STUDY FOUR: THE HOLY ONE
© Rosemary Bardsley 2007,2016
We have been conditioned to think of the word ‘holy’ solely as a reference to moral purity. While ‘holy’ does indeed include moral perfection, its meaning is far more penetrating than that.
In the Old Testament we find non-moral objects such as the ground, garments, gifts, ointment, oil, basins, utensils, incense, things, fruit, a year, water, a city, and a hill all being described as ‘holy’. Their holiness did not consist in their moral purity or their physical cleanness, but in the fact that each of these objects was set apart by God for his special use or purpose.
There are two key factors in their designation ‘holy’:
These objects were set apart by God, for God, for his unique use only, not for common use. These temporal objects designated ‘holy’ derive that holiness from him to whom and for whose use they are dedicated and devoted.
He, for whom and by whom they were set apart, is ‘holy’ – he is himself ‘set apart’, unique, not common. He, God, is one of a kind. He is not a common ‘god’. Indeed, he is the only God.
In the Old Testament the words qadas [verb], qodes [noun] and qados [adjective] are used in reference to ‘sanctification’ and ‘sanctify’ and to the related concepts: holiness, holy, dedicated, devoted, separated, consecrated, sacred, set apart for God’s special use, as well as the use of ‘holy’ as a description of God.
Similarly in the New Testament, hagiasmos, hagiosune, hagiotes, hagios, hagiazo, refer to ‘sanctification’ words: holy, holiness, sanctification, saint, sanctify, make holy.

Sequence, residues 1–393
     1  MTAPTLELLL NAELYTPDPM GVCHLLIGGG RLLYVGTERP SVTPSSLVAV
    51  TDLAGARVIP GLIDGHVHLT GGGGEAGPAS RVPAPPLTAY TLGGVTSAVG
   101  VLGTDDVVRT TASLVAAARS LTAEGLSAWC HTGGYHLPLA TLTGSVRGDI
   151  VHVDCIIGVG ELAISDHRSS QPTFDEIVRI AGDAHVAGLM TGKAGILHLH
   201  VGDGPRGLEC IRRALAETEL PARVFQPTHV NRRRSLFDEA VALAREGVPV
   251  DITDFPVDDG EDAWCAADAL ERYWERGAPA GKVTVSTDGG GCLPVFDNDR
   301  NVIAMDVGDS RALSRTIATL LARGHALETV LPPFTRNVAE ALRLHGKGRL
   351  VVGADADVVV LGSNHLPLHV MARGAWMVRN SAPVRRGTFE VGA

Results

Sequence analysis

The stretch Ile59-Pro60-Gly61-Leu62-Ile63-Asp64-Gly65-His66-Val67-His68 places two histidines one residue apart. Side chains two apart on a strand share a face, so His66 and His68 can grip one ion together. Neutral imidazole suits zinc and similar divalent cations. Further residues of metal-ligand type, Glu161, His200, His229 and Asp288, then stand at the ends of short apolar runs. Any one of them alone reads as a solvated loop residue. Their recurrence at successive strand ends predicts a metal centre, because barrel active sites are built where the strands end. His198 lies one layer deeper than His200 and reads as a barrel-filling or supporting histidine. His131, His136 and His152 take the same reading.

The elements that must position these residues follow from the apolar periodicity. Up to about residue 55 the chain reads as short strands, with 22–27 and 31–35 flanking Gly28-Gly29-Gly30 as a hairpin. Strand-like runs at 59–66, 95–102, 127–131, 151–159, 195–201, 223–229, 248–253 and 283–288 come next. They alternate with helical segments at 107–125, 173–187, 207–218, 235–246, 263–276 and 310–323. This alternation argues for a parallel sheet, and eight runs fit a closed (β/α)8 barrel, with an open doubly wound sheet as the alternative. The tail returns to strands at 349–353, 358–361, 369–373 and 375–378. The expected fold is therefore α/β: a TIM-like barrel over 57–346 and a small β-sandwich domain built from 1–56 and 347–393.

The common denominator is all of these words and all of their uses is the concept of something that is distinctly different, something that, one way or another, is set apart from everything else. Something that is not common, or, not for common use.
In this is the holiness of God presented in the Bible: he is the only God.
A. THE CONCEPT THAT GOD IS HOLY
Thus, when the Old Testament teaches us that God is holy, his moral goodness is only a part of that description. More specifically and more importantly the holiness of God speaks of his absolute otherness, his total uniqueness, his complete disassociation and difference from all else that might call itself ‘god’ and from everything else that exists. He is the only one of his kind: he is holy: he is totally set apart. He has no equal. His beauty, his goodness, his perfection, his power, his majesty are all unequalled and unparalleled. He cannot be likened to anything or anyone, for there is nothing and no one like him – there is nothing up there on the same level as he is to which he can be compared. Everything falls far short of this unique, one-of-a-kind, ‘holy’ God. Because of this unique otherness, this holiness of God, he is to be held in awe and respect: he is unapproachable.
How is God’s holiness and its implication expressed in these verses? [Read the context for clarification]
Isaiah 1:4 [this name of God is used many times in Isaiah]
The fact that God is ‘holy’ means that he is no common, ordinary ‘god’; he is not such a ‘god’ that one can swap and change for another; he is not such a ‘god’ to whom one can display only a fickle, half-hearted allegiance; he is not such a ‘god’ who is willing to share worship and honour with other ‘gods’ or with other powers, including human powers. As Isaiah 40 graphically points out, this ‘Holy One’ is beyond comparison. Totally unique. Totally other. Totally awesome. Not just in his purity but in his infinite power and authority, indeed, in all that he is.
B. IMPLICATIONS OF THE HOLINESS OF GOD – THE BIBLE OUTLAWS ALL OTHER GOD CONCEPTS